I just haven't been able to pick myself up.  Any thought of getting back to designing websites, or moving forward in life conjures a debilitating fear in me.  I'm so embarrassed about my failure that I don't even like going into public anymore.

    Though, I'm feeling more positive now because I have a better understanding of what's happening to me.  The more I learn the more hopeful I become, and I'm doing things that are starting to help me.

    I know this is getting long-winded.  But again, I'm not expecting a response to this.  I'm mostly doing this for the benefit of other people, who may be in similar positions.  Because one of the things I've learned about BPD/CPSTD is that people who suffer from it often feel like failures, and losers, and this only adds to the condition.

    If you're someone who's suffering from BPD, and you feel embarrassed, or like a loser because of less than desirable life circumstances, you need to understand that it's not your fault.  It's true (and sad) that many other people won't understand this, so you need to keep reminding yourself.

    And, although you'll hear some psychologists say that there's no cure for BPD--that the best you can do is manage it--I don't think that's true.  I think a person with BPD will always have a tendency to blow up, or experience extreme emotions.  But I think many times a BPD sufferer's life circumstances greatly add to their suffering.  Meaning, once you start to manage your BPD, and get your life under control, things will get better.  And the better your life is, the less likely you are to experience extreme emotions.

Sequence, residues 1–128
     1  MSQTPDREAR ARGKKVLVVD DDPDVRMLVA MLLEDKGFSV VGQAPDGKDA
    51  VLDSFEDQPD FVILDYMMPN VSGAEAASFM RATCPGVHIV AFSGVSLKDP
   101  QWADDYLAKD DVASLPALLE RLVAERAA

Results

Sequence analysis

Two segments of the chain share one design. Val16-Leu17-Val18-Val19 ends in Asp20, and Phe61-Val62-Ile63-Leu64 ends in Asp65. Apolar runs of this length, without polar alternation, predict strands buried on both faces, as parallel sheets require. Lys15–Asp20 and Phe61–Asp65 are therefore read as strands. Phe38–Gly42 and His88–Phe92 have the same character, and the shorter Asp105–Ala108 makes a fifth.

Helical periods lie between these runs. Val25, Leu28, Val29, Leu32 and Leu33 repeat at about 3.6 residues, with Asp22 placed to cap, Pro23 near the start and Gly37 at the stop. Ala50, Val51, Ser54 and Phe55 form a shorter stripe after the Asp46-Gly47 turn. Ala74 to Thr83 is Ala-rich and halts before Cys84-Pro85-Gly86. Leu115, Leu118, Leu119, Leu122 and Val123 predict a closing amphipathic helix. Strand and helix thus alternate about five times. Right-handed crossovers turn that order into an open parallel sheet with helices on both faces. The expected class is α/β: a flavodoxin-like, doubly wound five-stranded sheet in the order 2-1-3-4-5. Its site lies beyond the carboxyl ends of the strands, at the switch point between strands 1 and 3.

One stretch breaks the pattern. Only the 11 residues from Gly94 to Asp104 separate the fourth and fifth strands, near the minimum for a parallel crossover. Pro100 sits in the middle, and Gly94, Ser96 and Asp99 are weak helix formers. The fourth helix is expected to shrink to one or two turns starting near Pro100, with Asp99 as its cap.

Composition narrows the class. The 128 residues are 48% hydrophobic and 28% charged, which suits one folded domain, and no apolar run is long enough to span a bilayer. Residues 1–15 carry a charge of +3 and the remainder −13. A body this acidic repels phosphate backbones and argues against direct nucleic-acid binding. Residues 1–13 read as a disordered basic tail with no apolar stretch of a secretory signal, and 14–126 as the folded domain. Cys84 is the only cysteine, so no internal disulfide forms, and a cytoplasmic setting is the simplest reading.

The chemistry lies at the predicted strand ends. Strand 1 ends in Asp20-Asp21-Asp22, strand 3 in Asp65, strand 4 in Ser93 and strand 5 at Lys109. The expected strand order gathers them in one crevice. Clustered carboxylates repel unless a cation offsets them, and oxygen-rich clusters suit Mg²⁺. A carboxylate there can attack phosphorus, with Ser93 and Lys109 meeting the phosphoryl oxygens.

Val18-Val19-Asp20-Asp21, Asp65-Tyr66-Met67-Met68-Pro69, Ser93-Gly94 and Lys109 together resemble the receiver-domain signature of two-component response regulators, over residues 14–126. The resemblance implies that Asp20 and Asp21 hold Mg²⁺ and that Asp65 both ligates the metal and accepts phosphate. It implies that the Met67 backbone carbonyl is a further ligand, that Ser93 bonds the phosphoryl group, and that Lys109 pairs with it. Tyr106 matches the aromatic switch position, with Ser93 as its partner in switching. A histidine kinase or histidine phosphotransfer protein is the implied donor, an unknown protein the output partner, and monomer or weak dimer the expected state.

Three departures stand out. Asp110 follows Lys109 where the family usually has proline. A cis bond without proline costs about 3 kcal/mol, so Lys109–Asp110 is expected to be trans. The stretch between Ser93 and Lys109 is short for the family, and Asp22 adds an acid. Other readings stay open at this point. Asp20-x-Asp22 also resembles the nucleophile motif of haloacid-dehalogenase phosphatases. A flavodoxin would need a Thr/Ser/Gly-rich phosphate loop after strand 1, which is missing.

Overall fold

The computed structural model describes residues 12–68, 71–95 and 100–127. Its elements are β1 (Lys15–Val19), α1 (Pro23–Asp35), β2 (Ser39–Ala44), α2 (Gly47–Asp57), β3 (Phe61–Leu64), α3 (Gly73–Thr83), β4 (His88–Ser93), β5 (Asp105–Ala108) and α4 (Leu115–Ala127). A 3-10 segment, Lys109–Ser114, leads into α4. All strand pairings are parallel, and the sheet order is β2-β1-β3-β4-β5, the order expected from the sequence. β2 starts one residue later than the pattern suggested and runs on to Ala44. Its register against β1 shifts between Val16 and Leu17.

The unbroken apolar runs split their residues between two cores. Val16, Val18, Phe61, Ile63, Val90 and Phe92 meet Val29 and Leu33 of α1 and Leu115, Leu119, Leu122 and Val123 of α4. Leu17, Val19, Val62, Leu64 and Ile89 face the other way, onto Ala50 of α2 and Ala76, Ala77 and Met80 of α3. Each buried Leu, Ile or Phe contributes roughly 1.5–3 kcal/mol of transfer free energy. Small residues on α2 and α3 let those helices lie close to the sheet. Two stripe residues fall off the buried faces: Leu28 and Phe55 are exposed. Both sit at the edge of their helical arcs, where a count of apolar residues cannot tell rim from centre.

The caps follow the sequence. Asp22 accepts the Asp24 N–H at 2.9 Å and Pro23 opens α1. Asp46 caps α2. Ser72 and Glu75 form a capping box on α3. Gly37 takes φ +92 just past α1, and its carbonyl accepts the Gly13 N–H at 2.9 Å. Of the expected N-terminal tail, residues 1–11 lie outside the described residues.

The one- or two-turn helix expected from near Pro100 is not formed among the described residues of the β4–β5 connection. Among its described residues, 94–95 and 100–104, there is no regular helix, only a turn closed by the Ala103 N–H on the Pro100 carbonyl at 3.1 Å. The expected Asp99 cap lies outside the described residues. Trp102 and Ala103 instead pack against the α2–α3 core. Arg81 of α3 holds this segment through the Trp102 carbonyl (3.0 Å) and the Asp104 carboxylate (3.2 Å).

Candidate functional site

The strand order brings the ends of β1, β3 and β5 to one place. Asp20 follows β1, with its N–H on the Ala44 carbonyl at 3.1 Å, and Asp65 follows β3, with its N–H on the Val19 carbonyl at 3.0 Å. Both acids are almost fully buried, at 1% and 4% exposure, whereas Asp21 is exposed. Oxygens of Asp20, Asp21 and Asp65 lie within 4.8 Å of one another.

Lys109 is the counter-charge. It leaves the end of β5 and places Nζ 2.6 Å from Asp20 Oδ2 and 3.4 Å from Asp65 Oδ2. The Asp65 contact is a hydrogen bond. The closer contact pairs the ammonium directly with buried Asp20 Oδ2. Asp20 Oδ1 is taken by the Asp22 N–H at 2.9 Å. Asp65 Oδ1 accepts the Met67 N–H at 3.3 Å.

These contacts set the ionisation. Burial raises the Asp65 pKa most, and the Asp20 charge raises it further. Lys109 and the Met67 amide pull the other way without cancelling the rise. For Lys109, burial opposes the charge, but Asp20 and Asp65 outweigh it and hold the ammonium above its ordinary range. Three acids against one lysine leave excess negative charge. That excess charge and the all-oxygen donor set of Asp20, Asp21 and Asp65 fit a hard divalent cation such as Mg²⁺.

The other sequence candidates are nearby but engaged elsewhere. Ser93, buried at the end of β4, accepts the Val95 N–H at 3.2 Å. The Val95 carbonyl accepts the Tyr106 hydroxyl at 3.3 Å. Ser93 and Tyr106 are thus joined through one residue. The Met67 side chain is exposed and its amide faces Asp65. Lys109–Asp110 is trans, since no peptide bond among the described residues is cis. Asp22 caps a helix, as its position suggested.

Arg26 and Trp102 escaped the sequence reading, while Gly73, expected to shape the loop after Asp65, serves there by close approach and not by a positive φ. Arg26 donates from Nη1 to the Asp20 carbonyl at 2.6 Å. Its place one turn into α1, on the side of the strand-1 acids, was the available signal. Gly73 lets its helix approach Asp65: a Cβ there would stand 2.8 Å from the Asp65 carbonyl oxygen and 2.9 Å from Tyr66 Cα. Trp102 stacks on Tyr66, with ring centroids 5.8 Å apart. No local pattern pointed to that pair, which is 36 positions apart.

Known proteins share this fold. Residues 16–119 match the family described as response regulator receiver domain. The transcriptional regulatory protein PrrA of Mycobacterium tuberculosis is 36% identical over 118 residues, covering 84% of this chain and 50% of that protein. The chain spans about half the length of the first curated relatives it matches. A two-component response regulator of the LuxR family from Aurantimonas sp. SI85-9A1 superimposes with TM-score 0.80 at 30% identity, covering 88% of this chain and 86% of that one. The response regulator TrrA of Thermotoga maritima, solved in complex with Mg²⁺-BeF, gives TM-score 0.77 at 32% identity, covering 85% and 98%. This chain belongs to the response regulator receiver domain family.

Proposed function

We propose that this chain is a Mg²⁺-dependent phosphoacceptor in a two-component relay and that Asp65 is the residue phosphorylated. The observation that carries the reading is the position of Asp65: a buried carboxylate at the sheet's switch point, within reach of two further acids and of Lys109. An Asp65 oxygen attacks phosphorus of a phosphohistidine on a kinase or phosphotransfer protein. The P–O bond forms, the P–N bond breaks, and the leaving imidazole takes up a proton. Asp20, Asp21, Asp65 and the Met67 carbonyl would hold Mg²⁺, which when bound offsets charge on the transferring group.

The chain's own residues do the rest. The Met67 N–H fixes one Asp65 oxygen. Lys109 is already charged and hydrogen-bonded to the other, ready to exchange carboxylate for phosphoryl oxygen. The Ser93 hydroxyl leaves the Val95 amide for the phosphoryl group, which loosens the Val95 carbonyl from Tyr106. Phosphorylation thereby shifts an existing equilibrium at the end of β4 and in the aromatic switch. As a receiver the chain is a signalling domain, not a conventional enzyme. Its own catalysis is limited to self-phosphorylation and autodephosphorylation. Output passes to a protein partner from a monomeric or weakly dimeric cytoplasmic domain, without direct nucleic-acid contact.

BPD has really been very cyclic in my case.  The disorder leads to messy life circumstances and messy life circumstances exasperate the disorder, and so on and so forth.

    Anyway, I think I'm going to wrap it up now with one final thought.  Yesterday I went to a coffee shop and tried to brainstorm new website ideas, and I got to feeling so depressed that I had to leave.  Something occurred to me on the drive back.

    I'm horribly lonely, and a big part of me wishes I could have friends.  For the record, I have a handful of friends, but most of them live in other places and are busy with families and what not.  I'm so terrified of rejection that I don't let new people in my life, so I don't make new friends.